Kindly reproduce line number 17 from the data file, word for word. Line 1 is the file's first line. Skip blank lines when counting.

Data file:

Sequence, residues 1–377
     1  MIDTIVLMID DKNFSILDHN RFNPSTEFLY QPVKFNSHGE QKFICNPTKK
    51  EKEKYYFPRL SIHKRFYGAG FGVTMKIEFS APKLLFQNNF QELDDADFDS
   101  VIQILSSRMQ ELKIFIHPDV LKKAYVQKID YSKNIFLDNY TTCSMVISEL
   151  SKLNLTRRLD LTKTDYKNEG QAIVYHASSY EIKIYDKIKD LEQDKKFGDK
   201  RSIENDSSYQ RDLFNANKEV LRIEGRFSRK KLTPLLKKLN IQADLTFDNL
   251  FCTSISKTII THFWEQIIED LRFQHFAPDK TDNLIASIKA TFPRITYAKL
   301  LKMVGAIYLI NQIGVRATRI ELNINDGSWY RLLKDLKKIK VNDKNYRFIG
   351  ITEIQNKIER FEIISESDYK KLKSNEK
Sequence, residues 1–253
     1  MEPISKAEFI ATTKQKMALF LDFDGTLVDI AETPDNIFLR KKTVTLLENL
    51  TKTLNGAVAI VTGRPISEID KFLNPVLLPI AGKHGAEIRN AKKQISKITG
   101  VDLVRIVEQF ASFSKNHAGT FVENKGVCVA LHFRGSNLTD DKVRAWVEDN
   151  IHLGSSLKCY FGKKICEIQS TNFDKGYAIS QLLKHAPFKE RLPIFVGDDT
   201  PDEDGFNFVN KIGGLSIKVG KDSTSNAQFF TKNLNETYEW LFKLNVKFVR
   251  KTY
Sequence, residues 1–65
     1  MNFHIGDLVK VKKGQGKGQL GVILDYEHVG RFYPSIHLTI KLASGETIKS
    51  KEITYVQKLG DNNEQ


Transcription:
Sequence, residues 1–65